Herbert Bautista reprises well-loved ’80s Puto character | Inquirer Entertainment

Herbert Bautista reprises well-loved ’80s Puto character

/ 12:10 AM June 24, 2021

Herbert Bautista (right) and Mc-Coy de Leon

People look down on actors who opt to become public servants, but what they don’t realize is that working for this industry is equally difficult,” pointed out comedian and three-term Quezon City mayor Herbert Bautista.

“This is what I’ve learned from having to grow up in the entertainment industry—it’s one big loop. You start with gathering raw material, go up to doing postproduction work, and eventually focusing on marketing and sales so that you will be able to show your final product not only to your community but also abroad. All these for one simple movie or TV show,” he told reporters during a recent virtual media gathering for his new program, “Puto,” for TV5.


Herbert reprises his role as Ivanhoe “Puto” dela Cruz, a well-loved character from the 1980s. Local audience remember him as the kindhearted student who sells puto or steamed rice cakes in the original fantasy-comedy film by Leroy Salvador.

The TV series, directed by Rayn Brizuela, takes off some 30 years after the 1987 hit movie, with Ivanhoe now a devoted father to his only son, Uno, played by McCoy de Leon.


‘Good follower’

“They also say that those who are in government prefer to be in control all the time. Personally, as an artist and not as a public servant, I prefer to be with people like Direk Rayn who knows how to put me where I’m supposed to be, and I obey because I believe that to be a good leader, one must also be a good follower. You’re there as the director and scriptwriter’s medium. Their vision is what you want to be projected to viewers,” explained Herbert.

“On the other hand, serving as a government official doesn’t mean my mind is now controlled by lust for power and authority. Being an actor has kept me grounded. I would often be reminded to keep my feet firmly planted on the ground—all the directors, producers and writers I’ve worked with in the past made sure I didn’t forget that,” he said.

Herbert’s political career is actually worthy of a separate article. However, he briefly recalled his journey, if not for the sake of the younger audience who might be curious about who he is, he said.

“I started serving the people as a barangay youth leader when I was 17,” he recalled. “At the same time, I was also studying in high school and working as an actor. While I had a sitcom and a soap opera, I also did variety shows every Saturday. Meanwhile, to prove to the people that I deserve to be where their votes placed me, I took up two masters degree and finished them in 2000 and 2001 respectively, while I was vice mayor. But it’s really my work as an actor that taught me the importance of preparing one’s self before taking on a role, be it for show biz or for politics.”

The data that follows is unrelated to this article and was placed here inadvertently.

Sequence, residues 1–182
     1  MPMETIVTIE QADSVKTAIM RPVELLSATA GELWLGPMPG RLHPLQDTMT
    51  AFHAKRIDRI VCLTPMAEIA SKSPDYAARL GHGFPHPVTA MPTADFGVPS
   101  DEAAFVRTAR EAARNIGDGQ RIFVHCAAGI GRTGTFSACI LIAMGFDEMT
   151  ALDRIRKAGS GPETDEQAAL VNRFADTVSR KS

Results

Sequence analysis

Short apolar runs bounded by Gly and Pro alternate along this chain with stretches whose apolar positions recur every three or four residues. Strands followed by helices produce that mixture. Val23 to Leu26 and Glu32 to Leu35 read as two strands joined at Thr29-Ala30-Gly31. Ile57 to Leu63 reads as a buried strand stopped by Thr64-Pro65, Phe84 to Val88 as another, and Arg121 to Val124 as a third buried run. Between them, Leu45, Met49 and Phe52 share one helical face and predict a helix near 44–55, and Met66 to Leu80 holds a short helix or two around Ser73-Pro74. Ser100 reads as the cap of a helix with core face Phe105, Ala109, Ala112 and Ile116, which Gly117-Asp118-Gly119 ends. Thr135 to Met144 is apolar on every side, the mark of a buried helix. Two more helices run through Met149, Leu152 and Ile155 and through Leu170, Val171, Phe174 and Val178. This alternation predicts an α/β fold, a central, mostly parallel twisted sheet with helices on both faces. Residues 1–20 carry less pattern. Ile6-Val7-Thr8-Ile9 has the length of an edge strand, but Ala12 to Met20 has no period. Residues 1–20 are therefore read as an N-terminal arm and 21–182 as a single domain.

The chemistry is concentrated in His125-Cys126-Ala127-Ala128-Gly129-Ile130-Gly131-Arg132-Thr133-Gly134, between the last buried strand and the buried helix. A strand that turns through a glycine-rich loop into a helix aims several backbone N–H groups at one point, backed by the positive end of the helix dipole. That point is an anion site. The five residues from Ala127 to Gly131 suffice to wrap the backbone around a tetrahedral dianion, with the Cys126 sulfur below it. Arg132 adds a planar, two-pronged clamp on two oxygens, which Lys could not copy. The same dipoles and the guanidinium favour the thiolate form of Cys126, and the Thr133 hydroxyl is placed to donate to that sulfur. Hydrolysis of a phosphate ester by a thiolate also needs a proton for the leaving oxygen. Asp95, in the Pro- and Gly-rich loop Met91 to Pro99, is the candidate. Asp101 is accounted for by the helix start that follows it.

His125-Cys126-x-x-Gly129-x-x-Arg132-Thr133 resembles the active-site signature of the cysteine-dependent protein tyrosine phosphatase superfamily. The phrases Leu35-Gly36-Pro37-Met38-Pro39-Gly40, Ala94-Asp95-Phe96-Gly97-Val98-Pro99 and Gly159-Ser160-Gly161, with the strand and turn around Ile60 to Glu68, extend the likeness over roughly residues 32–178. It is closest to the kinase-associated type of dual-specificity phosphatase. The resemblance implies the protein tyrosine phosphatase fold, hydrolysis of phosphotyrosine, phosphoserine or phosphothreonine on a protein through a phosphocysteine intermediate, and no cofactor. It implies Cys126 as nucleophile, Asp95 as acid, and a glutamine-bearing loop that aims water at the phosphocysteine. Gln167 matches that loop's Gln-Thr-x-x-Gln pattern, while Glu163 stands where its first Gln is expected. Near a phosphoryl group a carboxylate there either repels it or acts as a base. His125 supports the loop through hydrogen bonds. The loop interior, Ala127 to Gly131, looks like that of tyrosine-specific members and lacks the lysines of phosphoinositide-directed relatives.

Full-time actor

Since Herbert no longer holds any government position, he said he decided to go full-time in acting. “I’m very thankful that, after my term in 2019, I got the chance to work with ABS-CBN and TV5,” Herbert declared. He worked with the members of the Gold Squad (Andrea Brillantes, Seth Fedelin, Francine Garcia and Kyle Echarri) in James Robin Mayo’s “Silly Red Shoes.” After that, he got a part in Cathy Garcia-Molina’s romantic-comedy series “Make It With You,” alongside Liza Soberano and Enrique Gil.

While everyone in Metro Manila was under quarantine, Herbert worked with Kathryn Bernardo and Daniel Padilla in Richard Arellano’s “The House Arrest of Us.”

“This is actually a full-circle moment with Viva,” he said. “While I started my acting career with Regal Entertainment when I was 10 years old, I spent my teenage life working for Viva. Over 30 years later, they contacted me and said, ‘Since you’re no longer in government, do something for us and TV5.’”


Herbert said that while the Puto character we will see on TV still sells steamed rice cakes for a living, he now has his own puto factory. “This is fun because while you will notice that the story doesn’t veer away from the original one too much, the look and feel are very different,” he explained.

Herbert recalled that when he did the original “Puto,” “its beat and timing, as well as its heart, was very much just like the shows in the ’60s because that was Direk Leroy’s era. At the same time, there were also a lot of 1980s elements in the film because that was the era it was made. What you will watch today is 21st-century comedy.”

The 13-episode series “Puto,” which premiered on June 19, airing every Saturday at 6 p.m., with catch-up airings every Sunday, at 5 p.m., on Sari Sari Channel, available on Cignal ch. 3 and SatLite ch. 30. Viewers can also watch via TV5’s livestream on the Cignal Play app. INQ

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